Expert advice to help you maintain a healthy weight
Dissatisfied with your weight?
We're bombarded with scare stories about weight, from size zero to the obesity 'epidemic'. But a healthy weight is determined by different factors for each of us. Our expert advice is designed to help you achieve and maintain a healthy, life-enhancing weight.
Overweight or underweight?
Being the right weight has a positive effect on wellbeing but also on our health, as being the wrong weight can cause a range of medical problems.
Achieving a healthier weight isn't always about losing pounds - some people would benefit from gaining some. Often, that isn't as simple as it sounds, but with the right plan it can be done.
Many things affect our health, but research has shown that people whose body weight is within a certain range tend to live the longest and enjoy the best health. Those who are underweight are below this range, which means their health could be at risk.
A body mass index calculator can help you find out if you're underweight.
What's wrong with being underweight?
A number of underweight people are fit and well, they simply have a slender constitution. However, for many people being underweight means their bones aren't as strong as they could be and they have fewer 'reserves' if they fall ill. It can also affect a woman's fertility.
If you've experienced recent and unintentional weight loss and you're always tired, you should see your doctor in case there's an underlying health problem.
If you consciously restrict how much you eat, and/or feel anxious about the thought of gaining weight, you may have an eating disorder.
Talk to your doctor or contact Beat.
Why do some people stay slender?
People who stay slender do so because they're in 'energy balance'
People who stay slender do so because they're in 'energy balance'. In other words, they (often unconsciously) eat the right amount of food to meet their calorie needs.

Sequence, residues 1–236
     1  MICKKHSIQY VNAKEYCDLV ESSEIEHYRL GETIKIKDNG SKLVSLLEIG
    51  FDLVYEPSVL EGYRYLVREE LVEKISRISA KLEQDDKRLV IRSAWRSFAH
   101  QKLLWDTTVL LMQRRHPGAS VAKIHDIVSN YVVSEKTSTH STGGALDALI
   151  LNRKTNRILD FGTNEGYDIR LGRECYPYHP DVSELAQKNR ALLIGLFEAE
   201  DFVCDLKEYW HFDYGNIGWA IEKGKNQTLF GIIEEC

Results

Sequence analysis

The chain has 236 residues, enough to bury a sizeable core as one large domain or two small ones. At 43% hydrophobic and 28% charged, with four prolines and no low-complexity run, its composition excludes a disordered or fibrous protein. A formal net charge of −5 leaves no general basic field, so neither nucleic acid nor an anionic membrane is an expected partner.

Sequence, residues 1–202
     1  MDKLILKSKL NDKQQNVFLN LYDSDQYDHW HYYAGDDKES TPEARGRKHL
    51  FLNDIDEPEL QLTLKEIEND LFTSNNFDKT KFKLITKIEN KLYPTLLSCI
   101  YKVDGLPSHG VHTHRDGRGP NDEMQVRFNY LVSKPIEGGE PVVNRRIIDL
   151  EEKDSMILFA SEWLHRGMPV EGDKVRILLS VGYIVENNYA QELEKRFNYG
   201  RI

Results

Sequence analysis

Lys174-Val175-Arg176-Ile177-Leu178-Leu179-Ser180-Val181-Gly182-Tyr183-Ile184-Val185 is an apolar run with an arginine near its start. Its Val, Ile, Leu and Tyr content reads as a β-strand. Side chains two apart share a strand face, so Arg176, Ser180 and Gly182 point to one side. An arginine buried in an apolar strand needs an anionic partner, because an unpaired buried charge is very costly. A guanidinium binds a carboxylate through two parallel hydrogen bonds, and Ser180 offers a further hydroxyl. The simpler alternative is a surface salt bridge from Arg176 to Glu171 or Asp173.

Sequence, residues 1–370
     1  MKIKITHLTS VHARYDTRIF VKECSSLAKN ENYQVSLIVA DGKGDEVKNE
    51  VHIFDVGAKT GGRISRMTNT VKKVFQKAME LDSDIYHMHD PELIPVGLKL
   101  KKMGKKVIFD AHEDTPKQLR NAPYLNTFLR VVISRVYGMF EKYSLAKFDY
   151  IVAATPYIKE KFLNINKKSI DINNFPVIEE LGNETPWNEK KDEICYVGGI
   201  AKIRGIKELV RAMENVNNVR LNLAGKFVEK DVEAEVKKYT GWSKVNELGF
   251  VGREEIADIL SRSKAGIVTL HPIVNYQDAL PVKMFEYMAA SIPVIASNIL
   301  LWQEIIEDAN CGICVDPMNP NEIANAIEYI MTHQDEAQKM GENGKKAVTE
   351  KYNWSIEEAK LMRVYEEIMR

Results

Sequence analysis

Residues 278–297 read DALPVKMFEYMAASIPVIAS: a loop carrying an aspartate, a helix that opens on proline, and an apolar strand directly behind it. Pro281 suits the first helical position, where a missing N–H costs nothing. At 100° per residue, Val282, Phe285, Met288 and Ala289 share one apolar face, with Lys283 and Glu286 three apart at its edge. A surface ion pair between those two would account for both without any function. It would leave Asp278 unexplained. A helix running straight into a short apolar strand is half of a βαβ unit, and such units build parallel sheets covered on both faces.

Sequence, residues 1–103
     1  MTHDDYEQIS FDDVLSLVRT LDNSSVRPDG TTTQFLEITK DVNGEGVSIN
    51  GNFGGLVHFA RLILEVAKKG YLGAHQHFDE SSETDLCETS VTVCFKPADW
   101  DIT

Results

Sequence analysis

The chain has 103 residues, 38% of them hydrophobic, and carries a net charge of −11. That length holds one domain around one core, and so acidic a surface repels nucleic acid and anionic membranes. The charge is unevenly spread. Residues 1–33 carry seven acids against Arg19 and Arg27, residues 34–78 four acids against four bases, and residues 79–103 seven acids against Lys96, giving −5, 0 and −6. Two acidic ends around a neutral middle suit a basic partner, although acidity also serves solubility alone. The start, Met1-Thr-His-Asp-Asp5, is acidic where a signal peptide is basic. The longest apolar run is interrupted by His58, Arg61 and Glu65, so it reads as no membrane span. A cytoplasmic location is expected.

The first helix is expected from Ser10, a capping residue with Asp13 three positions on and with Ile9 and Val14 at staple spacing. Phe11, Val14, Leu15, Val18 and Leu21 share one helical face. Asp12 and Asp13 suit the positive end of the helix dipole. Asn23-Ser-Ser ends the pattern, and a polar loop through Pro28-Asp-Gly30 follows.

Research has shown they don't have high metabolic rates and don't magically 'waste' calories. It's a combination of their inherited body shape, their natural level of appetite, what they eat and their activity levels.
How do I gain weight?
You need to take in more calories than you burn. Combining this with toning exercises helps, too.
Set yourself a realistic target and aim to gain weight gradually, at around 1kg (2.2lb) a month. For that you'll need an extra 300kcal to 350kcal a day. This is best done as part of a balanced diet.
Keep a food diary for a couple of weeks to learn more about your eating habits and to identify where you can add calories.
One way is to make meals a little larger or more calorific. Have an extra slice of toast at breakfast, drink grape juice rather than orange juice, make coffee with milk or serve an extra spoon of potato, rice or pasta.
Although exercise burns calories, it's important to include some form of activity into your plan to keep your bones strong and your muscles toned.
Aim for 30 minutes' physical activity five days a week and combine this with some resistance training. Take care not to be too active. If you're always on your feet, make time to relax each day.